This bill is in the running for the all-time “lame legislation” prize.
You can tell right away that this bill — passed by the House only yesterday — is a really clunker. The title is Require Evaluation Before Implementing Executive Wishlists Act of 2016. Really, that’s the best they could come up with? But it only gets worse. The bill provides that no “high-impact rule” can go …CONTINUE READING
Rulemakings take a long time. We don’t really know what causes the delays.
A recent study by Public Citizen reports that it takes about 2.5 years to issue an economically significant rule, starting from the time the rule is first listed in the regulatory agenda. There are major differences between agencies – an economically significant rule takes EPA almost four years, rather than the 2.5 years needed by …CONTINUE READING
Will UARG Persuade the Supreme Court to Overturn New Air Quality Standards?
“UARG” sounds like the name of a monster in a children’s book or maybe some kind of strangled exclamation. But it actually stands for Utility Air Regulatory Group, which represents utility companies in litigation. UARG did well in two important Supreme Court cases last year, winning part of the case it brought against EPA climate change …CONTINUE READING
The regulatory process has become more opaque and less accountable. We need to fix that.
Every year, thousands of law students take a course in administrative law. It’s a great course, and we wish even more students took it. But there’s a risk that students may come away with a vision of the regulatory process that is increasingly disconnected with reality. Worse, the leading judicial opinions on the subject suggest …CONTINUE READING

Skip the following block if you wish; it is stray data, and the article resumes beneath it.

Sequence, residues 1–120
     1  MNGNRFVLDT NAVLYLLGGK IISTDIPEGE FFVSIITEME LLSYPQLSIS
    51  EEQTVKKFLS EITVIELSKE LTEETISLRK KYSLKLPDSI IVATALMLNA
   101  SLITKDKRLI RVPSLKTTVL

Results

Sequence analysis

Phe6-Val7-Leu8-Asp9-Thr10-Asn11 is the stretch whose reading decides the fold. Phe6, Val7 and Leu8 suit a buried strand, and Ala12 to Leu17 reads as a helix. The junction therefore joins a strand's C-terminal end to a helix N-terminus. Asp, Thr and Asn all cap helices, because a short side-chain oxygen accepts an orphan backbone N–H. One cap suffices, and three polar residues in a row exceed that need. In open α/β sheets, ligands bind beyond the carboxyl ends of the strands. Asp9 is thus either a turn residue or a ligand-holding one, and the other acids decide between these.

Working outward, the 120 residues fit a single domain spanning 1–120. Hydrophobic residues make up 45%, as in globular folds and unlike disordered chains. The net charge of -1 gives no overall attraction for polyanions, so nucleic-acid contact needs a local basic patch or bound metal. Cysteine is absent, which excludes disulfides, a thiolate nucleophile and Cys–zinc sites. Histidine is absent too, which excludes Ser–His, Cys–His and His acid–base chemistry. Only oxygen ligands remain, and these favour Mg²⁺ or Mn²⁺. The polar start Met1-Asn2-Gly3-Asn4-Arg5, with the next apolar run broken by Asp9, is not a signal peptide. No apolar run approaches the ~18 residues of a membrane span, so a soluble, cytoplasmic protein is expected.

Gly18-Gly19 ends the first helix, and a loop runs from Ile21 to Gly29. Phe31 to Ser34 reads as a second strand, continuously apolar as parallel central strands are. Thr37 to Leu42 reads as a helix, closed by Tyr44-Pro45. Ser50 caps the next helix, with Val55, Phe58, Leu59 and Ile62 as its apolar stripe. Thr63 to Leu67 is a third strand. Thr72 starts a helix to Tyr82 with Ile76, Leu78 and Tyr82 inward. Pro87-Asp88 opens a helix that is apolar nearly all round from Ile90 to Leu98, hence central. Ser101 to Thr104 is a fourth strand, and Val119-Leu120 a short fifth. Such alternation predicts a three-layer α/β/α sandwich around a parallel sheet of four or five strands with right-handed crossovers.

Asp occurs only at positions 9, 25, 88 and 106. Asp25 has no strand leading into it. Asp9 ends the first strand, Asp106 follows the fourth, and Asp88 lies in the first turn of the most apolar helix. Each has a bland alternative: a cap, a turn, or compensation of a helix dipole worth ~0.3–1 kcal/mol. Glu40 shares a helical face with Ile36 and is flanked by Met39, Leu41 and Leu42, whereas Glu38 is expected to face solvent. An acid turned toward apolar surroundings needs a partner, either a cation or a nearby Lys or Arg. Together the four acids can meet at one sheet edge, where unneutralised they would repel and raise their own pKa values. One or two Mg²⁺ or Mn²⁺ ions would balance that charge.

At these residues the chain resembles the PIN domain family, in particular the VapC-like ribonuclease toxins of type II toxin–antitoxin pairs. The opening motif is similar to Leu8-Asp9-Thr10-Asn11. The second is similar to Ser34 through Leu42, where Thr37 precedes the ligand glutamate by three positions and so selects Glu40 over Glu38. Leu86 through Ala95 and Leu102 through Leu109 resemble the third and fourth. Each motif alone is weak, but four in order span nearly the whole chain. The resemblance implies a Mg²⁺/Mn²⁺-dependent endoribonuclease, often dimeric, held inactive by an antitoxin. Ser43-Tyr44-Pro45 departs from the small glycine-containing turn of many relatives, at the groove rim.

I thought about entitling this post “Lamest Judicial Opinion of the Year.” The case is called Iowa League of Cities v. EPA. This Eighth Circuit opinion says that two letters from EPA to a U.S. Senator are legally binding agency rules, The court then solemnly invalidates the letters because EPA failed to get public notice and …CONTINUE READING
Every institution seems to have a creation myth of some kind. Many people think that the federal bureaucracy was a creation of the New Deal, which deviated from the Framers’ vision of small government. More sophisticated people realize that the administrative state began in the late 19th century with the creation of the Interstate Commerce …CONTINUE READING
About ten days ago, the D.C. Circuit struck down EPA’s effort to establish a cap-and-trade system for pollutants that cross state lines. Now that I’ve had a chance to read the lengthy opinion in EMR Homer City Generation v. EPA, I’m struck by the aggressiveness of the court’s intervention, which goes well beyond the customary …CONTINUE READING
On Tuesday, the D.C. Circuit decided American Petroleum Institute (API) v. EPA, an interesting case dealing with nitrogen oxide (NO2) levels. The standard is supposed to include a margin of safety.Under the Clean Air Act, EPA sets National Ambient Air Quality Standards (NAAQS) for airborne substances that endanger human health or welfare. EPA set such …CONTINUE READING
In a prior post, I talked a little about proposed changes to Canadian environmental laws that would roll back significant protections and procedural requirements. I also talked about some of the differences between Canada and the United States that might be the basis for very different histories of environmental law in the two countries. But …CONTINUE READING
The first big opinion in the polar bear listing case is out. Score two for the Fish and Wildlife Service: the agency’s decision to list the bear as threatened under the Endangered Species Act prevailed against challenges from the Center for Biological Diversity on one side and the state of Alaska and hunting groups on …CONTINUE READING